A cost audit is designed to uncover and correct or prevent errors in the accounting of materials and services to customers. It is an ongoing process of checking the accuracy of company costs.
Often costs are not matched up against the service or work that has been performed. The auditors check that the number of hours and the material costs (such as labour and materials) are tallied accurately to ensure that the invoices match up with the work performed.
Definition of Cost Audit
Cost audit has been defined by the Chartered Institute of Management Accountants, London as “the verification of cost accounts and a check on the adherence to the cost accounting plan”.
The Institute of Cost and Works Accounts of India defines “cost audit efficiency of minute details of expenditure while the work is in progress and not a post-mortem examination.
A financial Audit is a fait accompli. Cost Audit is mainly a preventive, a guide for management policy and decision, in addition to being a barometer of performance. Thus the main functions of this audit are as given below:
- To verify that the cost accounts are correctly kept by the principles of costing employed in the industry;
- To ensure that the cost accounting routine laid down by the business is properly carried out;
- To detect errors and prevent fraud and possible misappropriation of the extent of efficiency of utilisation of factors of production.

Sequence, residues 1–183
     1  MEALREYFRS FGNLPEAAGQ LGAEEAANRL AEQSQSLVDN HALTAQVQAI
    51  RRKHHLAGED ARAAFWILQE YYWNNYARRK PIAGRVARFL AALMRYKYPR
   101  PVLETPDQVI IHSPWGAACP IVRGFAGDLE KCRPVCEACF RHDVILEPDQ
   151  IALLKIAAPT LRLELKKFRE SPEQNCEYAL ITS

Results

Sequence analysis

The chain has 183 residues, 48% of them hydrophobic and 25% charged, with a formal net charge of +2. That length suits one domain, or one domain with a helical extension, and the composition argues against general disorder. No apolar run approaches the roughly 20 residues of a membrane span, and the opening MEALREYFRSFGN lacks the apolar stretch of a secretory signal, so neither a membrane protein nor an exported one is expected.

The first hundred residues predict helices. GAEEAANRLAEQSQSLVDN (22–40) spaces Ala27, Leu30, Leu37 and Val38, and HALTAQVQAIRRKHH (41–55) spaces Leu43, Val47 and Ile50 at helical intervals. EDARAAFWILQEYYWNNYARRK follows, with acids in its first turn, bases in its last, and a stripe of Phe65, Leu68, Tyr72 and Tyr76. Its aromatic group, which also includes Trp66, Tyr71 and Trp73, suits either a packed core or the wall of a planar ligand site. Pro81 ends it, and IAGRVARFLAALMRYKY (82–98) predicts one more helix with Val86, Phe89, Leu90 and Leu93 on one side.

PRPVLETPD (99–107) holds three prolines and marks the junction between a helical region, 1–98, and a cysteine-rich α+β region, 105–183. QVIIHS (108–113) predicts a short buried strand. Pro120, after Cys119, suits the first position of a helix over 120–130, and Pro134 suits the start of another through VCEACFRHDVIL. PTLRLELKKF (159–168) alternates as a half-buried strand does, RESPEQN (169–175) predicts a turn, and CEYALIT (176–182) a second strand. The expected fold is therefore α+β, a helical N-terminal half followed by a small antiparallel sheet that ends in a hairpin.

Appointing Authorities of Cost Auditor
A cost auditor may be appointed by-
- Internal authorities i.e., by the same management, to conduct cost audits as an aid to management.
By external authorities such as by-
- Government to conduct an audit on behalf of the Government.
- Customer to carry out cost audit on behalf of the customer.
- Trade association or tribunal to facilitate cost audit on behalf of trade association or tribunal.
Who Can be a Cost Auditor?
The audit shall be conducted by a Cost accountant in Practice ho shall be appointed by the board of such remuneration as may be determined by the members in such manner as may be prescribed.
Purpose and Objectives of Cost Audit
The objectives and purposes of a cost audit are diverse. The objectives include fostering a cost-conscious culture, enhancing industrial efficiency overall, and maximising production. The cost audit may be advantageous to shareholders, creditors, bankers, the government, the taxes department, and society as a whole.
A cost Audit is the verification of the cost accounts and the cost accounting plan’s conformance. In other words, it entails the study of expense accounts and the execution of the plan created for this purpose.